The Government has insisted it is “committed” to media freedom after political journalists staged a mass walkout over Number 10’s attempt to exclude some news titles from a press briefing.
Addressing the matter in Parliament today, Conservative MPs dubbed Lobby journalists’ Downing Street briefing boycott yesterday a “storm in a Westminster bubble” and a “mass outbreak of snowflakery”.
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Cabinet Office minister Chloe Smith (pictured) defended the Government’s actions in responding to an urgent question.
She repeatedly described what happened as “standard lobby procedures supplemented by an additional specialist briefing”, adding: “There is nothing more sinister than that here.”
“This Government is committed to being open in its dealing with the press and to the principles of media freedom and the events of yesterday were a very good example of this,” she said.
The Government briefs political journalists twice a day, once in the morning, once in the afternoon, which all Lobby members can attend.
About seven senior political editors were invited to a separate early afternoon briefing with a special adviser yesterday about how the Government plans to negotiate a trade deal with the European Union.
Other Lobby journalists got wind of the briefing and tried to attend as well, but were separated from the others and told they could not enter by Number 10 communications director Lee Cain.
All journalists present then staged a walkout in protest, with NUJ general secretary Michelle Stanistreet saying they were “right to act in solidarity”.
Smith described how Boris Johnson took “extensive” questions from journalists following his speech setting out his vision for a trade deal with the EU at a press conference in Greenwich, London, yesterday morning.
She said all journalists were then able to take part in a subsequent on the record briefing with Johnson’s official spokesperson.
“It is entirely standard practice for the Government to host additional technical, specialist briefings as was the case yesterday,” Smith said.
“This particular briefing, which the media has reported on, was an additional smaller meeting due to be held by a special adviser in order to improve the understanding of the Government’s negotiating aims for the future relationship [with the EU].”
Smith later added that the Conservatives “strongly support the free press” and claimed Johnson took part in 120 media engagements over the general election campaign period at the end of last year.
A number of Conservative MPs played down the incident, with David Simmonds MP for Ruislip saying it “very much has the flavour of a storm in a Westminster bubble”.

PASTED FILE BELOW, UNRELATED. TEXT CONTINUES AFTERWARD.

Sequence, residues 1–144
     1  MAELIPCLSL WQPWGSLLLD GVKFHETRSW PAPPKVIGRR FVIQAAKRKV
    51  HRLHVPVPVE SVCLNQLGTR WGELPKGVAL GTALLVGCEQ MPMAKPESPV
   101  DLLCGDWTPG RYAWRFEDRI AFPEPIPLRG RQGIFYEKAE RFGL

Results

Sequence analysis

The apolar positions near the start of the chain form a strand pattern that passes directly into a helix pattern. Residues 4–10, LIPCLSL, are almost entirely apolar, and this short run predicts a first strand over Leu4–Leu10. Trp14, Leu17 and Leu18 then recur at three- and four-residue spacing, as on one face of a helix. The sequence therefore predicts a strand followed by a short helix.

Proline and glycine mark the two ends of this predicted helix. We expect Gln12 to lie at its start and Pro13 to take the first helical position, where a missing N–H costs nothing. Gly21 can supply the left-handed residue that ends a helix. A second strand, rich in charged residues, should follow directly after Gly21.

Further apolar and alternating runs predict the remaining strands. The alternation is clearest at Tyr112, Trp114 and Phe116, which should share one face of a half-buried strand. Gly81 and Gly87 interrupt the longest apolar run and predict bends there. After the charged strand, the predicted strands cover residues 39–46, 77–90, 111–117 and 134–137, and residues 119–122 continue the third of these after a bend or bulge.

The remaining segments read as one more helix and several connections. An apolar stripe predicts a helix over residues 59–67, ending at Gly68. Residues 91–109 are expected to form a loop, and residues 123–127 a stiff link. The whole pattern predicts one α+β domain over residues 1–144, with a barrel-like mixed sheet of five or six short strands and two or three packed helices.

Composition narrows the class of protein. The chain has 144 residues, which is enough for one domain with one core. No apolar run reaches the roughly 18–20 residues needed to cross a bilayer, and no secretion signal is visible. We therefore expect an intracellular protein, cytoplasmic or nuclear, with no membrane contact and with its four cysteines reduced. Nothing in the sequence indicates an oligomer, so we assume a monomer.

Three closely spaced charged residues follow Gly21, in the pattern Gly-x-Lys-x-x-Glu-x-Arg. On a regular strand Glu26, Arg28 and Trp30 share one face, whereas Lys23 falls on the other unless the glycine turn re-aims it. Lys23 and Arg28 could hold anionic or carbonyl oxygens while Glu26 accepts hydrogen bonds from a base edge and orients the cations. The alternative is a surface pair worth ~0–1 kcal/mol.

Former BBC, Channel 4 News and Times journalist Damian Green acknowledged there “clearly do need to be better arrangements for lobby briefings than were taking place yesterday”.
But he went on: “…what we’re seeing here is some fake outrage and a mass outbreak of snowflakery.”
And Sir Peter Bottomley, Father of the House, drew the comparison of former Labour PR chief Alistair Campbell, who has been described as a “sultan of spin” and one of the UK’s first political “spin doctors”.
Sir Peter said: “I don’t think anything has happened so far that matches what Alistair Campbell did in trying to get political editors sacked and saying they wouldn’t co-operate at all.
“I do believe it would be sensible for the Government to consider having a talk to the senior political editors who did walk out and see if there’s a way of getting over this problem and resolving it.”
Others from Labour and the Scottish National Party echoed his criticism in Parliament, with the latter party sharing concerns that no Scottish correspondents were invited to the briefing.
‘A black day for press freedom’
Shadow Culture Secretary Tracy Brabin said: “The Government’s behaviour in these matters threatens the civil service core values of impartiality and objectivity.
“It also brings into question the integrity of future Government media briefings and the conduct of its special advisers and damages a free and vibrant press which is central to this parliamentary democracy.”
SNP MP Pete Wishart described Smith’s justifications as “woeful and desperate”, adding: “Yesterday was a black day for press freedom and no amount of sleek self-justifying nonsense from [Smith] is going to get her off the Trumpian hook.
“The next thing the Prime Minister will be talking about fake news and banning broadcasters – oh wait, he already has. Just how sinister can it get?
“Names of journalists read out and groups assembled on either side of a rug before it’s announced who would have access and who would be excluded.”
And former SNP culture spokesperson Brendan O’Hara described the events as “deliberately sinister, knowingly provocative” and “out of President Trump’s playbook for bullies”.
But Smith criticised the SNP and Labour’s record of media freedom in return, saying Labour “needs to look in the mirror”.
She referenced a “shadow government that wishes to regulate and introduce a soviet-style licensing of newspapers”.
she added: “The leader and shadow chancellor take money from media organisations like Press TV which are owned by foreign hostile governments, a BBC editor [Laura Kuenssberg] under that culture had to have protection at their party conference, and the shadow chancellor encourages direct action against journalists who don’t write what he likes.”
She later added that former SNP leader Alex Salmond “used to routinely exclude journalists from his briefings”.
Picture: Parliament TV